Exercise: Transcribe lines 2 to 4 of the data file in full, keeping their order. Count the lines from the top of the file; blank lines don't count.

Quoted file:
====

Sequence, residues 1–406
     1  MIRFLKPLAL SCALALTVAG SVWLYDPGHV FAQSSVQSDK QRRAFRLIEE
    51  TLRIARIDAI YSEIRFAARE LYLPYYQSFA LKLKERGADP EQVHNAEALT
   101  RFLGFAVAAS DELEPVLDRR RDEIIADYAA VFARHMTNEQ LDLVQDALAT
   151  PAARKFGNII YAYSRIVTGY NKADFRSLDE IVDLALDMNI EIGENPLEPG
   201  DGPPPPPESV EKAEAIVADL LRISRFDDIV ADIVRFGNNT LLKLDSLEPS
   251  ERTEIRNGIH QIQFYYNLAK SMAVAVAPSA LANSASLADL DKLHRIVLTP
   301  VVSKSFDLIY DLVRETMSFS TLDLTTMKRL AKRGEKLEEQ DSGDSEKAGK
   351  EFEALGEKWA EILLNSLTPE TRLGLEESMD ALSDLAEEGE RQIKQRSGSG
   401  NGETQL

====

     1  MIRFLKPLAL SCALALTVAG SVWLYDPGHV FAQSSVQSDK QRRAFRLIEE
    51  TLRIARIDAI YSEIRFAARE LYLPYYQSFA LKLKERGADP EQVHNAEALT
   101  RFLGFAVAAS DELEPVLDRR RDEIIADYAA VFARHMTNEQ LDLVQDALAT